TBTTyler wrote:
Kapusta wrote:
Can it be adapted to be used with any other CAD Software? (I know Rhino has some sort of compatibility with Python...)

It certainly could.
The final output of the pieces are just boolean intersections of cones and spheres. As long as there's a command line interface and robust boolean support, this could be tailored to any CAD/3d program. In fact, I used Maya to do the display work for my debugging


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 Post subject: Re: My latest project -- MechBuilder
PostPosted: Mon May 27, 2013 4:25 am 
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After over a year of not touching it and two years since I posted about it, I figured I should just let it out into the open.
The source repository:
https://github.com/tbttfox/TwistyTools

A video of its use in the current state:
http://www.youtube.com/watch?v=eZ7aTlrYaA0

To run it, you'll need
Python 2.7: http://www.python.org/download/
PyQT: http://www.riverbankcomputing.com/softw ... t/download
PyOpenGL: https://pypi.python.org/pypi/PyOpenGL/3.0.2

After all that, just run ttMainWindow.py

To rotate/pan/zoom the 3d puzzle, you hold down the alt key and drag one of the three mouse buttons.
Most everything else is done via right-click in the hierarchy to the left.


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 Post subject: Re: TwistyTools -- Source Code now available
PostPosted: Fri May 31, 2013 5:04 pm 
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I never saw this before! Has it been used to make a puzzle?

I've had fantasies of a heuristic based tool that would design a given puzzle at the minimum size, given feet thicknesses, etc. and it sounds like I'm not alone.

Now that Shapeways has an API, you really could go end to end. How neat would that be?

Are you using your own geometry libraries?

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 Post subject: Re: TwistyTools -- Source Code now available
PostPosted: Fri May 31, 2013 5:59 pm 
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It has not been used to actually make a puzzle. The current incarnation has no output ability, though earlier versions were able to output BRL-CAD code. It certainly wouldn't be all that difficult to re-implement though. There's a class called the "shard" which is the simplest solid in my library, and it just represents a Boolean of cones and a single shell.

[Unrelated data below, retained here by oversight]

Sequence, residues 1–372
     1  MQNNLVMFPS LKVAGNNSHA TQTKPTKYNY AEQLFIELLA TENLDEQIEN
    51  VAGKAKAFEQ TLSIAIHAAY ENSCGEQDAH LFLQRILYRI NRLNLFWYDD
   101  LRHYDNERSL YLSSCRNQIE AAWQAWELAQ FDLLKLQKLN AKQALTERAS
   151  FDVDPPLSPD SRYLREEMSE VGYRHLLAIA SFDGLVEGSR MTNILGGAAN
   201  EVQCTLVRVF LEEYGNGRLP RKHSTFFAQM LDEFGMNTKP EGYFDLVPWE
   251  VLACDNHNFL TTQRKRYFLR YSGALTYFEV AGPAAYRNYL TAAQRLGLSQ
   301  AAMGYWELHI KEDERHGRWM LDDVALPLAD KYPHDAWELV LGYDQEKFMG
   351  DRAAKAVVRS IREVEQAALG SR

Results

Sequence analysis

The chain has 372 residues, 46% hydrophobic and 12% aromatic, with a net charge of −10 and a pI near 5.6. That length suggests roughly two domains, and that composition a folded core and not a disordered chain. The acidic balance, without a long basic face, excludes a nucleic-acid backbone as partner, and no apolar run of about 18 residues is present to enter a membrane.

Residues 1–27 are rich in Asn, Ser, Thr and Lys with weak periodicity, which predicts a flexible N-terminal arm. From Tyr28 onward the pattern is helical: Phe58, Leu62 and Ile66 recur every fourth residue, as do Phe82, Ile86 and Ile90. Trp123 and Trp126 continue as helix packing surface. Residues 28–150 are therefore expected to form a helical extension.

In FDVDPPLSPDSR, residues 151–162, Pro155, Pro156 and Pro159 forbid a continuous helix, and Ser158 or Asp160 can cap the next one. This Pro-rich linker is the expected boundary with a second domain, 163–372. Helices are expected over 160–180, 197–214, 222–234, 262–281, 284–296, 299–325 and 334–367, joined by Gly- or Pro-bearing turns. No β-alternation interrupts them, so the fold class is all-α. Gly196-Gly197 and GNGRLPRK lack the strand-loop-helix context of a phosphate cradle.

Yes, I'm using my own geometry libraries. I wrote this for fun, and I really wanted to know how an entire graphics program worked. I'm sure there's something out there that would be much faster, but premature optimization is the root of all evil. However, the plan all along has been to use an outside library to do the final creation of the piece. Triangulation of 3d surfaces kinda sucks.

The next things on the to-do list involve combining the shards together to make pieces. I've already got a method for determining which shards connect together; there just needs to be a way to represent that data to the user and let them edit it.
Also, there's some preliminary work on an auto-filleting technique. I call it making a "core" (or something similar) in the code. There just needs to be a way to fillet a simple shard and represent it in a constructive way.

Of course, if anybody has any questions, feel free to ask.


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 Post subject: Re: TwistyTools -- Source Code now available
PostPosted: Sat Jun 01, 2013 6:14 pm 
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Have you tried using cx_Freeze or something similar to convert the source code into an executable?

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 Post subject: Re: TwistyTools -- Source Code now available
PostPosted: Sat Jun 01, 2013 6:22 pm 
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Jorbs3210 wrote:
Have you tried using cx_Freeze or something similar to convert the source code into an executable?


Not really. It's nowhere near being actually usable out of the box, so I feel it's kinda pointless at this time, but that doesn't mean that I'm necessarily against it.